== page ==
EBOLA/EVD [to 9 May 2015]
Public Health Emergency of International Concern (PHEIC); “Threat to international peace and security” (UN Security Council)
WHO: Ebola Situation Report – 6 May 2015
:: A total of 18 confirmed cases of Ebola virus disease (EVD) was reported in the week to 3 May: Guinea and Sierra Leone each reported 9 cases. This is the lowest weekly total this year, and comes after a month-long period during which case incidence fluctuated between 30 and 37 confirmed cases per week. That both countries have each reported fewer than 10 cases is encouraging, but it is important to guard against complacency. Liberia has reported fewer than 10 cases per week since the start of January this year, but the outbreak will be declared to have ended only if no new cases are reported up to 9 May, which marks 42 complete days since the burial of the last confirmed case…
COUNTRIES WITH WIDESPREAD AND INTENSE TRANSMISSION
:: There have been a total of 26,593 reported confirmed, probable, and suspected cases of EVD in Guinea, Liberia and Sierra Leone (figure 1, table 1), with 11,005 reported deaths (outcomes for many cases are unknown). A total of 9 new confirmed cases were reported in Guinea, 0 in Liberia, and 9 in Sierra Leone in the 7 days to 3 May.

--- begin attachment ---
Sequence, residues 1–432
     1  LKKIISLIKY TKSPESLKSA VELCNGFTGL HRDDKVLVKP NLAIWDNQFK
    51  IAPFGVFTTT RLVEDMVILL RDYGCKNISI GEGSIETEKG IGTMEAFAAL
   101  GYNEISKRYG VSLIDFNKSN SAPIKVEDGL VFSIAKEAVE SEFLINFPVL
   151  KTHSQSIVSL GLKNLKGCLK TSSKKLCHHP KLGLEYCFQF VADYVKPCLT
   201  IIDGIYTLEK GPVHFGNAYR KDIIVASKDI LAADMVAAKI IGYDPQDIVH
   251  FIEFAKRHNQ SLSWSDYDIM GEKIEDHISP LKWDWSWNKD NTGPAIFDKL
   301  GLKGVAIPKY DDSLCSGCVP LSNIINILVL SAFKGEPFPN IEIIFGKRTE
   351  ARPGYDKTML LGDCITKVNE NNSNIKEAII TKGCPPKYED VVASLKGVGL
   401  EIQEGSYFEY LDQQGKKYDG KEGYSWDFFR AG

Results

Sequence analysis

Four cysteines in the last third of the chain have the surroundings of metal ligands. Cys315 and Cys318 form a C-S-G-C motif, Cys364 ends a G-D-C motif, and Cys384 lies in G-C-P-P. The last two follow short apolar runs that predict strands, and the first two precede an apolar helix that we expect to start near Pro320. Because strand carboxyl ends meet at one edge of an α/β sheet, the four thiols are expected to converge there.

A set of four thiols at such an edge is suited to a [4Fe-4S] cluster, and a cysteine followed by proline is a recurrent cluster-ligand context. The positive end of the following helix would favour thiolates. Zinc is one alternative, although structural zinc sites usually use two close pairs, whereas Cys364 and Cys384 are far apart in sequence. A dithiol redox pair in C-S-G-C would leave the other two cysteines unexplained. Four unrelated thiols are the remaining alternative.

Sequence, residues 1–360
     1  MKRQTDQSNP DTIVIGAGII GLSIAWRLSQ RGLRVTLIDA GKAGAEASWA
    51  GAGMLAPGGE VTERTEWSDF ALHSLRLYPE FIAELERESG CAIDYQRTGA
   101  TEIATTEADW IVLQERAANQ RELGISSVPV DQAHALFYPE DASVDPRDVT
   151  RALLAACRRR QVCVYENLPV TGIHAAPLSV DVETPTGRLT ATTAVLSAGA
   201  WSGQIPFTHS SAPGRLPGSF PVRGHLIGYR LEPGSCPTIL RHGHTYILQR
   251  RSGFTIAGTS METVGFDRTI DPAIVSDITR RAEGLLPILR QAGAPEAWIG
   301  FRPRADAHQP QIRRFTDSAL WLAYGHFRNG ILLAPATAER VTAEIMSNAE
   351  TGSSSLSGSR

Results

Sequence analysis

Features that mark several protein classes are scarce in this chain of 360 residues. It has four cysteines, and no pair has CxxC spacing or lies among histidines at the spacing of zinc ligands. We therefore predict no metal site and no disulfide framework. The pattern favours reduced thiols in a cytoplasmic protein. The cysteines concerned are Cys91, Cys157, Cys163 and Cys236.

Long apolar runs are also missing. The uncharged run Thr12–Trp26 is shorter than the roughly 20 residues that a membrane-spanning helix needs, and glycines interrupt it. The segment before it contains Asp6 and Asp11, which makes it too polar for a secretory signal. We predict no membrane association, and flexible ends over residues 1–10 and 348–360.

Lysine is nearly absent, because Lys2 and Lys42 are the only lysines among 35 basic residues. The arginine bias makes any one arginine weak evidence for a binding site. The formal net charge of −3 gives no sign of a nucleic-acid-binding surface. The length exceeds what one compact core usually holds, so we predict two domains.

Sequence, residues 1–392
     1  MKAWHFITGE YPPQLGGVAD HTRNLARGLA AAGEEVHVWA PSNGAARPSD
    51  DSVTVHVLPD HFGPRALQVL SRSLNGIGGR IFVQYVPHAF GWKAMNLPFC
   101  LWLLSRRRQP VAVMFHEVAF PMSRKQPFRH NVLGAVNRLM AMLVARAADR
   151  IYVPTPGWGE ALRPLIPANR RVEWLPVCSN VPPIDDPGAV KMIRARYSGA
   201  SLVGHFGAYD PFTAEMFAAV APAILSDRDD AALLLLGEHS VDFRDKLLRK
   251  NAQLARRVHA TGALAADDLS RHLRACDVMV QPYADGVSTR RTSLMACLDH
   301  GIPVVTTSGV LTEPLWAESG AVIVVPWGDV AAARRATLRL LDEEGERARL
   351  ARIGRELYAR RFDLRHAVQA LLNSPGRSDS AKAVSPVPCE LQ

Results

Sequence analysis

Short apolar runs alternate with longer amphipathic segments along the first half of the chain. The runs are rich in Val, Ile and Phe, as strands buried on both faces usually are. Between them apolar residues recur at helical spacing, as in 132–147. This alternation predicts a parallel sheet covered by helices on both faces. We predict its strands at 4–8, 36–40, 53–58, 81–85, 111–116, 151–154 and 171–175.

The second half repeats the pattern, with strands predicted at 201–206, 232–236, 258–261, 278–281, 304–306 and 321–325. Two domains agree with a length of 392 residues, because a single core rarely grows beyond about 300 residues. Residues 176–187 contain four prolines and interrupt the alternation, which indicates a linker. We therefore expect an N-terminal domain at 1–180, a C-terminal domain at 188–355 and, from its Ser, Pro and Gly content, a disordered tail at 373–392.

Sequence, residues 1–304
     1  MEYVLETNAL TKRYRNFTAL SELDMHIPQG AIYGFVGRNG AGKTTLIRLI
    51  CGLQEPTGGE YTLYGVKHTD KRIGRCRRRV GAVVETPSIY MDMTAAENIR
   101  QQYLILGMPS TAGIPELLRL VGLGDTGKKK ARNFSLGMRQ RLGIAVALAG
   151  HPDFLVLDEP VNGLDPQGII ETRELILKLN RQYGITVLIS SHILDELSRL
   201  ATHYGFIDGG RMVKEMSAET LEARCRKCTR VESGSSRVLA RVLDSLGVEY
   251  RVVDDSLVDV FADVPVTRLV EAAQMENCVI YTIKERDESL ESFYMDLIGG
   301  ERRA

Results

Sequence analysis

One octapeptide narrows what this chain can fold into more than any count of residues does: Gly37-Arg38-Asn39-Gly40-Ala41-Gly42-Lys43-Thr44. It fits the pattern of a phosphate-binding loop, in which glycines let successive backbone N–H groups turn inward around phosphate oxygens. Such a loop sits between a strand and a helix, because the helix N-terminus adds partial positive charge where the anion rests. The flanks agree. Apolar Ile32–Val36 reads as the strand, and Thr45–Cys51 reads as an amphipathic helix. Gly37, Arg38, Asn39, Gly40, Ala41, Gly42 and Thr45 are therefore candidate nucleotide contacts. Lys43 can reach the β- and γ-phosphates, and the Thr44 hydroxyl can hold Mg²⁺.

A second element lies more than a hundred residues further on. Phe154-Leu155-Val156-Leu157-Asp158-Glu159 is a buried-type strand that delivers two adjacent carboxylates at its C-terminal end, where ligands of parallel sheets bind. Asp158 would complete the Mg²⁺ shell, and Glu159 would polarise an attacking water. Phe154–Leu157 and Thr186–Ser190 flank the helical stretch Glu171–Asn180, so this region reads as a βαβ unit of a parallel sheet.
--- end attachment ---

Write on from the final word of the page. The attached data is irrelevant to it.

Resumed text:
The Ebola outbreak in Liberia is over
9 May 2015
Today, 9 May 2015, WHO declares Liberia free of Ebola virus transmission. Forty-two days have passed since the last laboratory-confirmed case was buried on 28 March 2015. The outbreak of Ebola virus disease in Liberia is over.
Interruption of transmission is a monumental achievement for a country that reported the highest number of deaths in the largest, longest, and most complex outbreak since Ebola first emerged in 1976. At the peak of transmission, which occurred during August and September 2014, the country was reporting from 300 to 400 new cases every week.
During those 2 months, the capital city Monrovia was the setting for some of the most tragic scenes from West Africa’s outbreak: gates locked at overflowing treatment centres, patients dying on the hospital grounds, and bodies that were sometimes not collected for days.